Test Drive: Eve of Destruction Preview
Atari and Monster Games are taking the venerable driving series to the back roads.
The Test Drive series has been around for what seems like forever, with the first installment in the venerable racing line hitting the Commodore 64 and Amiga way back in the ancient history of 1987. Since then, Test Drive has covered nearly every facet of racing that we can think of, but the good folks at Monster Games have found a new one: demolition racing. Their new Test Drive game, subtitled Eve of Destruction, doesn't aim to give you an ultra-realistic driving experience as past games in the series have done. Instead, it presents you with a hard-driving, car-smashing experience that may just remind you of your childhood trips to the county fair.
The racing in Eve of Destruction is both fast and furious, but unlike those who tweak their fancy production cars to drive in illegal street races, you won't care about dinging up your clunky old ride in this game. In fact, it's to your benefit to crash into as many of your opponents as you can, because the more rival cars you disable, the easier it'll be for you to win. Eve of Destruction uses a very loose, arcadelike physics model that isn't particularly realistic, but it makes the game really easy to just pick up and play. Even those who aren't particularly inclined toward being good video game race drivers (though we're not talking about ourselves here, honest!) ought to have no problem just picking up a controller and jumping into the action.
There are two ways to access the racing in Eve of Destruction: career mode and action mode. Career, naturally, is the meatier of the two modes and sees you starting out at your humble abode, having just received a rather modest ride from your grandmother. You'll also have a little bit of cash on hand, which you'll be able to use (along with a trade-in) to procure a new car, if you want. You'll also be able to head down to the local hangout and challenge other drivers to grudge races to increase your reputation, and finally, you'll be able to hit the local organized events--called eves of destruction--where you can compete for cash money with which you can buy new cars. Ultimately, you'll try to climb the ranks and sit atop the heap of demolition racers, making your name known far and wide.
The action mode is a lot more straightforward than career, since you'll simply be able to select from a large pool of the cars that you've unlocked and then dive into one of the many (many) racing events that Eve of Destruction has to offer. In any case, these events are where you'll really dig into the meat of the game and it's where you'll find a surprisingly wide variety of race types. Among the basic types are the jump race, which features lots of ramps, and the last man race, which eliminates the driver in last place at the end of each lap.
The events get a lot crazier from there, though--soon you'll be racing a school bus against a track full of other school buses, or driving in the suicide race where half of the cars race in one direction and the other half, well, race in the other. The figure eight jump race gives you a track shaped just like a figure eight, with a jump at the cross of the track--you can imagine the calamity that results when two cars jumping the ramp collide in midair. And of course, everyone's favorite--the demolition derby--is included if you just want to jump into an arena full of junky old cars and start smashing up everything in sight. In all, we counted 22 available events in the game, all of which are pretty much completely unique, so there should be plenty of crashing and racing to keep things fresh regardless of which mode you're playing.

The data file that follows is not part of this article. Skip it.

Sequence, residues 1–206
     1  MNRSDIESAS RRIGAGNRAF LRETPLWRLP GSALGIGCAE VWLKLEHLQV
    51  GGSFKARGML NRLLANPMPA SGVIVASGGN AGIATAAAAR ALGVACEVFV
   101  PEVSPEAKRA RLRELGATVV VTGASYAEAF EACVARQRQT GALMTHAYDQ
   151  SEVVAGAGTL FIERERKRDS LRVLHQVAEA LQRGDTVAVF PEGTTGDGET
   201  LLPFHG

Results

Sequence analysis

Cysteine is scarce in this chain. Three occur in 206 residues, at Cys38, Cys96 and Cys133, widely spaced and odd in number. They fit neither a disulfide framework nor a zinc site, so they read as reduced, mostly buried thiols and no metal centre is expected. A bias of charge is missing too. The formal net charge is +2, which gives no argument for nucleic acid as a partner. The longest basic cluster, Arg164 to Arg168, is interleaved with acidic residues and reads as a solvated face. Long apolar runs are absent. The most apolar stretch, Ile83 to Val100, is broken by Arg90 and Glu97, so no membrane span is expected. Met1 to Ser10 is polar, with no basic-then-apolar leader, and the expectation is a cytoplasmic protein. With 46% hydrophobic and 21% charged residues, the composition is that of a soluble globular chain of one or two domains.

Eve of Destruction is shaping up nicely in visual terms. The cars are unlicensed but resemble the sort of real cars you'd expect to see at events like this. There are over 30 vehicles available in the game. In addition to the standard assortment of compact and muscle cars, you'll see such oddities as a police car, a school bus, and a hearse later on in the game. The cars smash into each other good and hard--there's a particularly satisfying pause-and-rotate camera effect that happens when two of them hit midair--and you'll see a decent amount of body damage becoming apparent as the races wear on. The game's tracks are a bit sparsely detailed but definitely look as grungy as you'd expect them to. The game looks pretty similar on both the PS2 and the Xbox, and even in this prerelease state, both versions are running with a generally smooth frame rate.
On the audio side, you've got the standard assortment of revving engines and metal-smashing sounds that you'd expect out of a demolition racer. In other words, all of the effects fit in with the onscreen action. The soundtrack of the game also seems tailored for this type of racing's typical audience, as it's full of nu-metal acts like P.O.D., Saliva, and Godsmack, and we heard a little Rob Zombie and even the Scorpions thrown in for good measure. An excited-sounding announcer also does a pretty good job of providing commentary as you tear your way around the track.
Test Drive: Eve of Destruction strikes us as a pretty unassuming game that's good at what it does--that is to say, it provides a hard-hitting, arcade-style racing experience without too many frills or layers of complexity to get in the way. There's unfortunately no online support planned for the game, although split-screen multiplayer will be available in both versions. Test Drive: Eve of Destruction is slated for release in early September, and we'll bring you more on the game soon.
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